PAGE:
BC coordinator Todd Fitch set to revamp offense
Boston College football coach Steve Addazio cited trust and continuity in his decision to promote Todd Fitch from wide receivers coach and passing game coordinator to offensive coordinator.
Addazio trusted Fitch, a 29-year coaching veteran with experience as an offensive coordinator at South Florida (2010-12), East Carolina (2007-09) and Connecticut (1996-98), would provide the leadership to maintain his offensive scheme.
“I am confident that he will help us continue to develop and bring us to new heights,’’ Addazio said in a statement announcing Fitch’s promotion Feb. 14 and the hiring of Brian White as receivers coach.
Fitch will have to address numerous challenges in spring drills and fall camp, namely the retooling of the offensive line and the replacement of dual-threat quarterback Tyler Murphy, a graduate-transfer from the University of Florida who set an Atlantic Coast Conference season record for quarterbacks with 1,079 rushing yards (in 12 games). He also threw for 11 TDs and 1,526 yards.
“Having done it before, you want to trust the situation you’re walking into,’’ Fitch said. “That was big for me. Steve and I had known each other in the past, but we had never worked together before.
“But after these last two years, obviously, he knows me a lot better and I know him, so that makes it a lot more of a comfortable situation.’’
Fitch replaces Ryan Day, who departed to become quarterbacks coach for the Philadelphia Eagles.
“Losing all those snaps from last year and getting the right combination of people up front will be a big thing for us,’’ Fitch said. “There’s some people returning and we’ve got some youth there, so we’ve got to find the right mixture there.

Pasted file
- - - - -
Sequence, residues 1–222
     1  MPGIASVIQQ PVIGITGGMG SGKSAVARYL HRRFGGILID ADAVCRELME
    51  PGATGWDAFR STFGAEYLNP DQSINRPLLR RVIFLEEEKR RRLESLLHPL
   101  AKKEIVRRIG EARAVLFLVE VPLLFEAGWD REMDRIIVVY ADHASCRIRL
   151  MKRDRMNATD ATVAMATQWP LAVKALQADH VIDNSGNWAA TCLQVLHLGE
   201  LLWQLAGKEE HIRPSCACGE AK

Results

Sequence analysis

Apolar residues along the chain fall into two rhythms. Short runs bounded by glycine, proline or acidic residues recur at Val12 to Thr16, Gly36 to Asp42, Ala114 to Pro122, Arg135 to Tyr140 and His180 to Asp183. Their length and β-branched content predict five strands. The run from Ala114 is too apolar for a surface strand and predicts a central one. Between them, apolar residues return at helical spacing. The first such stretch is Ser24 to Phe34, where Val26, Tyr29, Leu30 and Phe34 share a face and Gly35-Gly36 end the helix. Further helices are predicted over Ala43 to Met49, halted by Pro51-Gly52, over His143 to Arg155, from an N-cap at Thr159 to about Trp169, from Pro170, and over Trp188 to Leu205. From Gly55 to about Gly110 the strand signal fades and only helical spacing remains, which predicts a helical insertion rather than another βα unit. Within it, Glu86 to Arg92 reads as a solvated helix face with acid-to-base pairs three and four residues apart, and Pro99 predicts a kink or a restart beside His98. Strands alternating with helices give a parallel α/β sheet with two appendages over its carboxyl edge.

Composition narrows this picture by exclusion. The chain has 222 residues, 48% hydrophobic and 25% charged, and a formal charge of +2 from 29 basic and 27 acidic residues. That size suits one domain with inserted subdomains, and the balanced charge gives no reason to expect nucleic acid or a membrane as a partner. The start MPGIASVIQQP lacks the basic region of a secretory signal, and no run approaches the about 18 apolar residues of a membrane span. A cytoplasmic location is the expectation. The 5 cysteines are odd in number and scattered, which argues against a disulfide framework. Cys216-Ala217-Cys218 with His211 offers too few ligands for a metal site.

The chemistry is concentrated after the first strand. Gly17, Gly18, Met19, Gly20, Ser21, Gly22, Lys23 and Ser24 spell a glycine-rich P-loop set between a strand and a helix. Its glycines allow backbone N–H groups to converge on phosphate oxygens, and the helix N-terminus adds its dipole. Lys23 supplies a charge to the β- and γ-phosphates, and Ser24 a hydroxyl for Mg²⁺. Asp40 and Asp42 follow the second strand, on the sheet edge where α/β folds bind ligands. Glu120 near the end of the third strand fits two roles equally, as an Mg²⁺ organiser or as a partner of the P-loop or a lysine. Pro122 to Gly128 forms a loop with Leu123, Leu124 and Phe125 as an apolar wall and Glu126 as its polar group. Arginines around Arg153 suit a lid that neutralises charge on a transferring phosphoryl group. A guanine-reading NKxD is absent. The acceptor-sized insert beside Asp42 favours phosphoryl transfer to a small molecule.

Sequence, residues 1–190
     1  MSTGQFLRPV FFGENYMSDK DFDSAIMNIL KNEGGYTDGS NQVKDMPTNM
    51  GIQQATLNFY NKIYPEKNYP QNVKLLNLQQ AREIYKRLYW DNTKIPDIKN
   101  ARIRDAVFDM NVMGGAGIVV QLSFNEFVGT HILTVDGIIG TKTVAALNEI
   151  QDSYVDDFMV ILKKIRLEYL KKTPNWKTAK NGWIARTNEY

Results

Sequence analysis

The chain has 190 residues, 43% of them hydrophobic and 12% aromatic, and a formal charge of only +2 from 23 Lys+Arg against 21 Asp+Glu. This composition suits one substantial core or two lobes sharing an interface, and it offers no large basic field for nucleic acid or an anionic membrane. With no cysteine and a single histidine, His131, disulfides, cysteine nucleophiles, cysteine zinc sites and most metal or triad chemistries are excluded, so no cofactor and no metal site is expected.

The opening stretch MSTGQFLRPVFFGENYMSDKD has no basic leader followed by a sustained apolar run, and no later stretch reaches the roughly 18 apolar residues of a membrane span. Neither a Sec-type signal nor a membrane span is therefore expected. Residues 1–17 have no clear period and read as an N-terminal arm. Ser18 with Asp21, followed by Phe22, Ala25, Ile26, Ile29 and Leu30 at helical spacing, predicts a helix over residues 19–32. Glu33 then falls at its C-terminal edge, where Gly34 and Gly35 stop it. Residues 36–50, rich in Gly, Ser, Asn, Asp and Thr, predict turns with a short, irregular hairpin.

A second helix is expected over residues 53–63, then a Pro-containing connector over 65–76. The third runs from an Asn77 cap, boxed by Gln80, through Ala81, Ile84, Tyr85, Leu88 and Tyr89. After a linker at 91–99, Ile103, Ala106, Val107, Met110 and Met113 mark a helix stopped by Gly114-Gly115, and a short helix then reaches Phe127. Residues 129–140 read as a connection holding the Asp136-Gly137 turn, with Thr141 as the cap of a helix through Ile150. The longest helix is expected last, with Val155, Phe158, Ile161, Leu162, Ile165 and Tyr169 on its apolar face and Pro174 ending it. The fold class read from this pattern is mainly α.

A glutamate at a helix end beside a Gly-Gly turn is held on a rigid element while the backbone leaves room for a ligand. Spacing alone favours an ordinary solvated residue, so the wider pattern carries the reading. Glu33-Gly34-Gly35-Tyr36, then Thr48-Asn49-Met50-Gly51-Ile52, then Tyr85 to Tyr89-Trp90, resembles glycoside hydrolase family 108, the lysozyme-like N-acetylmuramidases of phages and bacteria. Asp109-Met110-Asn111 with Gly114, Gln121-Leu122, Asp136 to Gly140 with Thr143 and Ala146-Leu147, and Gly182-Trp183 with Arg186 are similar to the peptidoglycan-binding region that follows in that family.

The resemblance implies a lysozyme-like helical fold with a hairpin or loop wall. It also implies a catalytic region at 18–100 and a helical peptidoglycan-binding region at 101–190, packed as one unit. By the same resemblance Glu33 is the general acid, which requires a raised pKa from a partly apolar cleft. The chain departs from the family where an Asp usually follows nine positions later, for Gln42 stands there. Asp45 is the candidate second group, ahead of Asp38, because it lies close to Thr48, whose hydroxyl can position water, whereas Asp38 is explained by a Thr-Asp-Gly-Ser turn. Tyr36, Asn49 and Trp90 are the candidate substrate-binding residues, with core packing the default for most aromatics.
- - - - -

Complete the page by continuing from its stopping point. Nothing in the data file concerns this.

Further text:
“Then the other big thing, obviously, is the quarterback position. “Obviously we had a change our first year, then Tyler transferred in a year ago and did a nice job for us, so we were kind of jumping off the board here with a young, new guy.’’
Sophomores Darius Wade and Troy Flutie, the nephew of Heisman Trophy winner Doug Flutie, will vie for the starting job along with incoming freshman Elijah Robinson, one of five recruits who enrolled in January.
“So you’re kind of bringing those two positions together and trying to find the right mixture of guys up front and trying to identify your starting quarterback in spring and fall camp,’’ Fitch said. “But those are two big areas that are always important no matter what kind of offense you run.’’
What excited Fitch about BC’s offense are the returning personnel at running back with power back Jon Hilliman, the speedy home-run threat of Myles Willis, and the combination of the two in Marcus Outlow. Tyler Rouse, who blends speed and strength, adds a fourth back to the mix.
“We’re blessed to have some really good players and a variety of kind of players,’’ Fitch said. “So we have great competition there. They’re all different body types and so we’re experimenting with guys there in different roles.’’
At receiver, Fitch pointed to the return of Charlie Callinan and Dan Crimmins along with Sherman Alston, who made his mark as a Jet Sweep specialist last season, as leaders of a group that likely will get contributions from sophomores Nat Dixon and Gabe McClary.
“I think our skill at those two positions will be the best we’ve had — top to bottom, 1 through 4 [at running back] and 1 through 6 [at receiver] – since we first got here and had Alex Amidon and Andre Williams in Year 1,’’ Fitch said.
“Having more playmakers around a young quarterback will help him out,’’ Fitch added, “because when you have a young quarterback you don’t want him to have to win the game for you by himself.”
``So if you can get multiple assets on the field and let him distribute the ball and keep things simple for him until he gets his feet on the ground,’’ Fitch added. ``It’ll make his job a heck of a lot easier. I think those kind of players will help in that transition for us.’’
More than likely, it will help in Fitch’s own transition from BC’s receivers coach and passing game coordinator to offensive coordinator.
``Every day you’re around the players whether you’re a coordinator or a position coach, you develop relationships and they get to know you and you get to know them,’’ Fitch said. ``I think over these last two years, I feel I’ve gotten a pretty good feel for these guys. It’s been a pretty good working relationship previously and there’s no reason to think it won’t continue to work as it moves forward.’’